Auricularia angiospermarum

Scientific name:  Auricularia angiospermarum Y.C. Dai,
F. Wu, and D. W. Li
Derivation of nameAuric- refers to "ear" and the ear-like
lobes this fungus often forms. angiospermarum means
this species grows on angiosperm (flowering plant) wood.
Misapplied names: Auricularia auricula (Hooker)
Underwood; Auricularia auricula-judae (Fr.) J. Schrot.;
Hirneola auricula-judae (L.) Berk.  
Common name(s):  Tree-ear; Wood-ear
Phylum:   Basidiomycota
Order:   Auriculariales
Family:   Auriculariaceae
Occurrence on wood substrate:  Saprobic; hardwoods;
spring through fall. 
Dimensions:  3-15 cm wide; ear-shaped to irregularly
cup-shaped, sometimes fused together.  
Sterile outer surface: Usually the upper surface; yellowish-
brown to reddish brown or grayish-brown; minutely hairy;
often ribbed or veined.         
Fertile inner surface: Usually facing downward; yellowish-
brown to reddish-brown; hairless; often ribbed or veined.
Edibility: Edible
Comments: Auricularia auricula, the name found in many
North American field guides, is a European species that
does not occur here. There are several North American
species with two occurring in the Northeast: Auricularia
grows on hardwoods (flowering plants)
and Auricularia americana grows on conifers (softwoods).
The two species differ in microscopic details

More information at   
More information at

Figure 1. Wood-ears clustered on a log.
Photo © Larry Grand.

Figure 2. A cluster of tree-ears is growing to the left of
the polypore fungi in the lower right portion of this stump.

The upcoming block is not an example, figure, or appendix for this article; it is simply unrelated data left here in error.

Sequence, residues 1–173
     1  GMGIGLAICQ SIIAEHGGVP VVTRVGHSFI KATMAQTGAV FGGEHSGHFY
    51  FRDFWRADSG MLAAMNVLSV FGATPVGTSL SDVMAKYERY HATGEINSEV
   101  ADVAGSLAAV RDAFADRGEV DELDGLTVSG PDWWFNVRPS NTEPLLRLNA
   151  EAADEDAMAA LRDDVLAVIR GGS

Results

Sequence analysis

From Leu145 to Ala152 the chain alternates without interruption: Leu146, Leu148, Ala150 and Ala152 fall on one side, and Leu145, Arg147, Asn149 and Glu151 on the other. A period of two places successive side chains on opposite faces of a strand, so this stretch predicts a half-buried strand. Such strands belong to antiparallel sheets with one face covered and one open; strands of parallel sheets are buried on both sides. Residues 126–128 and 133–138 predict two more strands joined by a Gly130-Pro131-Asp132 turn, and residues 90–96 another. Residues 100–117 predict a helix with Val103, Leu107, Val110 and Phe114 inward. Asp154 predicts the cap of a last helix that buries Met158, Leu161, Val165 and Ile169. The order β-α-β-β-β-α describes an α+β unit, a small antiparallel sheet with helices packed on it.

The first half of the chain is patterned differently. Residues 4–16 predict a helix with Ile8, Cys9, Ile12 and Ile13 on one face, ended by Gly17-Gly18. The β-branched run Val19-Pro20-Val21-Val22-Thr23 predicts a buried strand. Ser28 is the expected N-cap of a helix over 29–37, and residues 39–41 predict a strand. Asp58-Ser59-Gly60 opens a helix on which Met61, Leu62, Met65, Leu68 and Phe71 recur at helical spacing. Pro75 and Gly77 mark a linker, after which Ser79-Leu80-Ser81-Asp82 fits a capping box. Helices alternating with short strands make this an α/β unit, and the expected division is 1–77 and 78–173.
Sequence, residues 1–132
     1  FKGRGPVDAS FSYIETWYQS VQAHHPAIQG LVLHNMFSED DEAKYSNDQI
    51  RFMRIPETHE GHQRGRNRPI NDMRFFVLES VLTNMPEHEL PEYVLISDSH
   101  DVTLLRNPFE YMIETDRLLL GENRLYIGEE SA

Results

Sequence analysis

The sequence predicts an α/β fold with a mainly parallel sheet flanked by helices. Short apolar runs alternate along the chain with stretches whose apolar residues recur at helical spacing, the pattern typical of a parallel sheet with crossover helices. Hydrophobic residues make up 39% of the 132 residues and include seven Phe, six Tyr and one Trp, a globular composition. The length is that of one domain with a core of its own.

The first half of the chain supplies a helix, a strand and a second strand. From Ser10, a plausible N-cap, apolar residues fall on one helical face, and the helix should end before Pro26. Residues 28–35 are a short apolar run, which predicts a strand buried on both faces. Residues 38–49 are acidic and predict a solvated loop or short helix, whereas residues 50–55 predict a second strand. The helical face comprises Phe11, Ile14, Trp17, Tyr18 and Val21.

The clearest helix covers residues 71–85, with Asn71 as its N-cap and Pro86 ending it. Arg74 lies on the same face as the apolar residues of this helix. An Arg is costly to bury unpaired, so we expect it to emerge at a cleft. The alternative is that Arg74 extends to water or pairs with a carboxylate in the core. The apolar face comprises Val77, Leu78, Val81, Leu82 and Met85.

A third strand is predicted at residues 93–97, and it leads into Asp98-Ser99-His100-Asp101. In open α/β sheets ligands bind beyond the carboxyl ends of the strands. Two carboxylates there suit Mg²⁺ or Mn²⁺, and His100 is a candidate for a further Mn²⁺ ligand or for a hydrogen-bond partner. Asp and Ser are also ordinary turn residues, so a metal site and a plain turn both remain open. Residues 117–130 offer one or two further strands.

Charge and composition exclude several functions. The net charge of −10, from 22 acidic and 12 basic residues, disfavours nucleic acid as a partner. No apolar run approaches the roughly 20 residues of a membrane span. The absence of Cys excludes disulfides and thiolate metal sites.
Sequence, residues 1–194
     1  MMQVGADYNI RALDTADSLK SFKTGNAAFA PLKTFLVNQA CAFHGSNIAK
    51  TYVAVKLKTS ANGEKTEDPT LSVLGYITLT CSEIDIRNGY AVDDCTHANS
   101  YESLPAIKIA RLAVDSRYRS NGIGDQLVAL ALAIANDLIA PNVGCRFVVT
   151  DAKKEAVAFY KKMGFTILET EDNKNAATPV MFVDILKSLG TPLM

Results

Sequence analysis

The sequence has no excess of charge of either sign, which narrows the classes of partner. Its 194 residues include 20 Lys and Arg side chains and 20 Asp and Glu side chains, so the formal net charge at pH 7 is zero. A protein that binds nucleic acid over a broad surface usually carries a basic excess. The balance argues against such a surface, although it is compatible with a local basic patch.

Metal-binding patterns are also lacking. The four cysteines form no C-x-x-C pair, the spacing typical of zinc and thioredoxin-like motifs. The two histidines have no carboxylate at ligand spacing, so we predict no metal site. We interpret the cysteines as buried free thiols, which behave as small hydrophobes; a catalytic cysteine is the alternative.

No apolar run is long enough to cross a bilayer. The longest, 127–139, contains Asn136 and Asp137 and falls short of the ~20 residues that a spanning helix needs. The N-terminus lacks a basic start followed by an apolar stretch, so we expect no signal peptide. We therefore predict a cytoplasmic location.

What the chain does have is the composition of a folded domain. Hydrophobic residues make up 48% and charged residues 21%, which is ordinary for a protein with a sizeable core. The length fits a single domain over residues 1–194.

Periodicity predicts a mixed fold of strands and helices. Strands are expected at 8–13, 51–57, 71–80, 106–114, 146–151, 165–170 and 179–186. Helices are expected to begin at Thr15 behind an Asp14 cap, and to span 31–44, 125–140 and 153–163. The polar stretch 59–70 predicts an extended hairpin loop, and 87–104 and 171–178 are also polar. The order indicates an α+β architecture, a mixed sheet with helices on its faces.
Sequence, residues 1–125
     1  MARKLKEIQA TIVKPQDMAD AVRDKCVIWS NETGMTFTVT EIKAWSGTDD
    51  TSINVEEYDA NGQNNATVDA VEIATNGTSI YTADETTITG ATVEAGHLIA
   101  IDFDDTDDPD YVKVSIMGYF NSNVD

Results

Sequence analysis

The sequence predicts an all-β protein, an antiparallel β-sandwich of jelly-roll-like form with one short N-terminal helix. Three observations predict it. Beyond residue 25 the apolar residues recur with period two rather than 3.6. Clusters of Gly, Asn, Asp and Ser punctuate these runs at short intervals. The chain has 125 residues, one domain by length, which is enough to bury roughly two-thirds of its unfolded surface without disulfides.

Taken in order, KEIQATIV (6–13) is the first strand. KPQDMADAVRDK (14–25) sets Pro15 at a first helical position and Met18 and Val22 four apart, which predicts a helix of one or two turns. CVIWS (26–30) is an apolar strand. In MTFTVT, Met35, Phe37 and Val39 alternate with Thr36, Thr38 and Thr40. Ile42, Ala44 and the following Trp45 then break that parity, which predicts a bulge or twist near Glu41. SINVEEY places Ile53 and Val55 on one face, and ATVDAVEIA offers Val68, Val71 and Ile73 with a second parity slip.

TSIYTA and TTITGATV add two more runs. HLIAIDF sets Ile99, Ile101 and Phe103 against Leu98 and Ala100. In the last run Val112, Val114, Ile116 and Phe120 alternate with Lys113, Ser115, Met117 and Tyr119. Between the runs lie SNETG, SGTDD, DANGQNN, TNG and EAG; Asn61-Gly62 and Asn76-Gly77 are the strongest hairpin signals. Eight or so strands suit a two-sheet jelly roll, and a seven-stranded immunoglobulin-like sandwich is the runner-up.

Photo © Gary Emberger.

Figure 3. The cluster of tree-ears referenced in Fig. 2.
Note the wrinkling or folding of the upper, sterile surface.
Photo © Gary Emberger.

Figure 4. These are the fungi shown in Fig. 3 but after a
day of rain. Many of the wrinkles and folds have
disappeared. Photo © Gary Emberger.

Figure 5. A typical reddish-brown specimen of tree-ear.
Photo © Pam Kaminski.

Figure 6. Note the wavy or lobed margin which is quite
typical of wood-ears. Photo © Fred Habegger.

Figure 7. These specimens were found November 30,
2003, illustrating how late in the season they can be found.
The upper, sterile surfaces are conspicuously gray due to
the presence of minute hairs. Photo © Gary Emberger.

Figure 8. The fertile surface of one of the specimens
shown in Fig. 7. Photo © Gary Emberger.

Figure 9. The finely pubescent gray sterile surface
of one of the November 30 specimens.
Photo © Gary Emberger.

Figure 10. These dried specimens from the collection
illustrated in Fig. 7 show the typical blackish color
observed upon drying. The specimen on the right is gray
due to a layer of fine hairs. Photo © Gary Emberger.


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This page © 2008 by Gary Emberger, Messiah University